SolidWorks has been helping engineers and designers all around the world develop new and innovative products since 1993. In fact, more than 2 million engineers are currently using SolidWorks to help them design their new products. The latest installment, SolidWorks 2014, is looking to provide users with a more simple and intuitive product to help increase their productivity and efficiency.
The main changes implemented in the new version are features that make drawing and analyzing complex shapes easier. For example, a very convenient and useful new feature is the ability to smooth out splines. Previously, users may have created splines, which may have looked good and smooth, but applying the special technique of zebra stripes to it would quickly show that it may not have the most optimal curvature. That said, the new spline tool can be used to take that existing spline and optimize its geometry to create a more perfect product.
In addition, there is also a scaling tool included. After finishing a design or working your way through a design, you can add a dimension to any part of the object and the tool will automatically resize the entire drawing for you. Added dimensioning features also include better functionality for angular dimensions, along with the ability to add "running dimensions" to angular parts. This is a functionality that was previously only available with linear dimensions.
Other new features include a "lasso" selection, which allows a user to outline a set of parts and pick only the pieces within the selection. A new smart mate mechanism is available, which will allow parts to be moved around more easily without snapping to every possible location. For instance, previously, moving a part around in a drawing while holding the alt key may have resulted in that part trying to snap into locations, which it determined were suitable. However, in the new version the part will not snap into place until it has remained in the area for a sufficient amount of time. This will surely make working with complex drawings much simpler. Another little nuisance that has been resolved in the new version is default mates. In past versions, SolidWorks would always try to make edge-to-edge pieces coincident. Now, when beginning to line up two edges, if coincident cannot be done it will default to parallel.
There are also additional mating features for an improved user experience. These include a quick mate toolbar, and increased slot mate functionality. Beginning with the toolbar, it will allow you to line up two parts and easily place them together. They may be concentric or coincident, but the software will automatically choose the most logical part to connect. If for some reason you disagree with the part in which to connect, it can be manually chosen. As for the slot mate functionality, screws and pieces with an axis can now be seamlessly placed together and adjusted to the right position. This can be done with radial, cylindrical, or linear slots. Additionally, a whole separate piece with a slot of its own can be mated to a slot on another object. This too can also be moved and adjusted until it is in its suitable location.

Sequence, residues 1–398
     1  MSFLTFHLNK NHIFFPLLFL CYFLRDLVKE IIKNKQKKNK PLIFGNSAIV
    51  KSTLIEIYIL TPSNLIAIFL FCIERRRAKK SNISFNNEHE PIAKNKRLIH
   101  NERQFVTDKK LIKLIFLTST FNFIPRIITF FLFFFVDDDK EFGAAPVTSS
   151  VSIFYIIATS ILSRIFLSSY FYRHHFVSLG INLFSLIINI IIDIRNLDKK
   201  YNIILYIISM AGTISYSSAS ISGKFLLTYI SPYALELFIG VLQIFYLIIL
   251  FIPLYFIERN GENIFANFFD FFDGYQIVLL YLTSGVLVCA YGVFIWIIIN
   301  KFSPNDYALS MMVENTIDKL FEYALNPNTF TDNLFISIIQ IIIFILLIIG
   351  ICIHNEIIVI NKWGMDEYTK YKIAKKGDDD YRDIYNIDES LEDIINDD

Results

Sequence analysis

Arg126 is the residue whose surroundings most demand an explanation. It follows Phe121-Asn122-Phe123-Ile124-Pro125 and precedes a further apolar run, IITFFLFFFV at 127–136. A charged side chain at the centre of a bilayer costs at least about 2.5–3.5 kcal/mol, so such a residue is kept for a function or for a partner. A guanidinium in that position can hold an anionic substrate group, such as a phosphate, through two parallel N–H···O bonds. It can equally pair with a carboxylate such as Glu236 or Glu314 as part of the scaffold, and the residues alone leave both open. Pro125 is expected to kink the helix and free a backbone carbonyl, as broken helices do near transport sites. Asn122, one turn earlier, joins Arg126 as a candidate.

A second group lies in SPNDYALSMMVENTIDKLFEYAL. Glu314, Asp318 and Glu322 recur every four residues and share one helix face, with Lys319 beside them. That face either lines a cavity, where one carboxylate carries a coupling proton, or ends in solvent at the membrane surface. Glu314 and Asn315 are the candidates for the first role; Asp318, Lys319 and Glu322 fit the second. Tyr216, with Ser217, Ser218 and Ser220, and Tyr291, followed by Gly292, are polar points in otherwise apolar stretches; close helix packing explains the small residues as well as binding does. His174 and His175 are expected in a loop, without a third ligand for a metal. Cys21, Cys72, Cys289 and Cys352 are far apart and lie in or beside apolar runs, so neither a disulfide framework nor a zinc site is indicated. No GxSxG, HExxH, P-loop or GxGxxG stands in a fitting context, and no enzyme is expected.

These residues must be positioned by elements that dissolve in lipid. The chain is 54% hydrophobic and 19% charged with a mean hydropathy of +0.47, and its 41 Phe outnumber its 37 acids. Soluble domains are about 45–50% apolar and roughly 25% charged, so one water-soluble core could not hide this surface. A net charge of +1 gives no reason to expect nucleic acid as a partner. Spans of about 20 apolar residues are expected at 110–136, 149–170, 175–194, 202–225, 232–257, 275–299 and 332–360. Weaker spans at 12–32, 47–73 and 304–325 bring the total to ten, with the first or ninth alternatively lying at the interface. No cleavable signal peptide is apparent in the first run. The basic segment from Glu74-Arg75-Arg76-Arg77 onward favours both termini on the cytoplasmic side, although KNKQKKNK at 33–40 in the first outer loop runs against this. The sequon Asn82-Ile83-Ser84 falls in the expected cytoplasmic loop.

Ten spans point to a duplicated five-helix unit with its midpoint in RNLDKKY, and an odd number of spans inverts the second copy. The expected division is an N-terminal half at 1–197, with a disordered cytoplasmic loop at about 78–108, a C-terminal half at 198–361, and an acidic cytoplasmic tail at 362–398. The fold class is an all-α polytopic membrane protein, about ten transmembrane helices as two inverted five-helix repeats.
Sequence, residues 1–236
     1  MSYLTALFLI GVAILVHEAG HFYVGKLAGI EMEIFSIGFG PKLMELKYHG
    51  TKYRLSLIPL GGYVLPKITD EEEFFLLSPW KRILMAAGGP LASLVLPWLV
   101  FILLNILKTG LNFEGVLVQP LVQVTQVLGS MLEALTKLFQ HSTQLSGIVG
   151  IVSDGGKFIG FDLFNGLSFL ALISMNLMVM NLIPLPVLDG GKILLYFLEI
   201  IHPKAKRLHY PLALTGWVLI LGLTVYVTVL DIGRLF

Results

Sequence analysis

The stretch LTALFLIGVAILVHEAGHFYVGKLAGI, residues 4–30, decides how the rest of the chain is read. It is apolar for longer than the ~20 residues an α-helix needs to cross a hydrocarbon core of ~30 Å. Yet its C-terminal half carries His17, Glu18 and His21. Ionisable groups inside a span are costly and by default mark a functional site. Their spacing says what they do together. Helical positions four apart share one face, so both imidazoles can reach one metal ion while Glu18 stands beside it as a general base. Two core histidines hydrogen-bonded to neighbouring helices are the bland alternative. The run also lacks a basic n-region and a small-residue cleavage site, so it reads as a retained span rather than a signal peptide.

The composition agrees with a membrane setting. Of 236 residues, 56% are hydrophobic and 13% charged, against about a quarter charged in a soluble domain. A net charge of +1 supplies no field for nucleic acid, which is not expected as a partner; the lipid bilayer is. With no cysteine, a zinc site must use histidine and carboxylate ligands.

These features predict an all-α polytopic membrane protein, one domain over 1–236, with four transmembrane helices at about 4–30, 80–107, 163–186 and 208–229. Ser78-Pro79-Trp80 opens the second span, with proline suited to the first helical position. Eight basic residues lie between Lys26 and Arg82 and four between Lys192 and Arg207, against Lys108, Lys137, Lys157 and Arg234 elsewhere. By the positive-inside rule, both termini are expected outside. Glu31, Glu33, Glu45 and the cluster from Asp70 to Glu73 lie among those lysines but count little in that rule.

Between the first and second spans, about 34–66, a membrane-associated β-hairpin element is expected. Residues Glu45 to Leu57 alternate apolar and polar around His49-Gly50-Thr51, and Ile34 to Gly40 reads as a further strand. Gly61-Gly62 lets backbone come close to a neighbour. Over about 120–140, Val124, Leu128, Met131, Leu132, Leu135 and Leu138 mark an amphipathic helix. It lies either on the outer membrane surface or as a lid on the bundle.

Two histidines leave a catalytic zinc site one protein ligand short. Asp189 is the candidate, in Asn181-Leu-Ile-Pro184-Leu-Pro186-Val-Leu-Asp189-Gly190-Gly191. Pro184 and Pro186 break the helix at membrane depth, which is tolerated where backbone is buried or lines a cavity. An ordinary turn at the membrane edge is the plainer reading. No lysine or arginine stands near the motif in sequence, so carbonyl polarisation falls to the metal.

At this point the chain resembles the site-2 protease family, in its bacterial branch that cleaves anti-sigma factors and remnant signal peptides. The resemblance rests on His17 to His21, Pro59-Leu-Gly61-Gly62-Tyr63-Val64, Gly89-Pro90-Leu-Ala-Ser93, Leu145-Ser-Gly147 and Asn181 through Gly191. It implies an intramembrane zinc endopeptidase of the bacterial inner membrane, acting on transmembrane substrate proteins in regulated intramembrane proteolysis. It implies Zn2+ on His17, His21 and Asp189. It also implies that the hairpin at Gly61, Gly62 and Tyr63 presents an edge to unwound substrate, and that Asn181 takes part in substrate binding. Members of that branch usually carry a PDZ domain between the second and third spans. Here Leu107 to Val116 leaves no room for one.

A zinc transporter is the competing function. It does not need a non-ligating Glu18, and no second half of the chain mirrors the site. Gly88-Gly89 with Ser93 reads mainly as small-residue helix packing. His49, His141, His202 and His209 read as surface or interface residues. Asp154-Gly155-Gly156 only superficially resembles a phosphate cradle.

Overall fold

Many other new features also exist in the new SolidWorks release. These include updates to Circuitworks, sheet metal designs, and simulations. The sheet metal design feature has included additional control over stiffening ribs on designs. It also has more accurate and controllable corner treatments. Therefore, it will include accurate information on the bending that a piece of sheet metal may be expected to tolerate.
Circuitworks has a feature now that will let designers examine the thermal properties of a PCB before manufacturing. The thermal properties are displayed in a color-coded manner and will simulate power being dissipated through all the components. It is not 100 percent clear how much power it is simulating through each component, but I would believe that the simulation is running with the maximum power through each component. A flow simulation is also available for mechanical designs. This simulation will allow engineers to test pre-stress and residual stress within their designs. In doing so the designer will be able to see how the model will cope with these situations and make sure everything is functioning properly.
Overall, the new version is chock full of new features. Most of these features were made to create a better user experience. Eliminating the annoying features such as a bolt trying to snap into every possible location makes the product much easier to work with. One last additional feature, which will make developing much more recordable, is a history feature. This will allow users to track who has manipulated what part, and when it was done. This will always be available through a tab and will constantly be keeping track of changes made to drawings.
While the software may not include any major overhauls, it will make designing more convenient for engineers. I am not sure if this will be enough for companies to make the purchase and upgrade to the new software package -- that will most likely depend on how much an engineer may utilize those new features. However, with 20 years gone by, it's good to see SolidWorks striving for perfection and an improved product.
Hopefully, I can get my hands on SolidWorks 2014 and take the new features for a spin in real-world designing.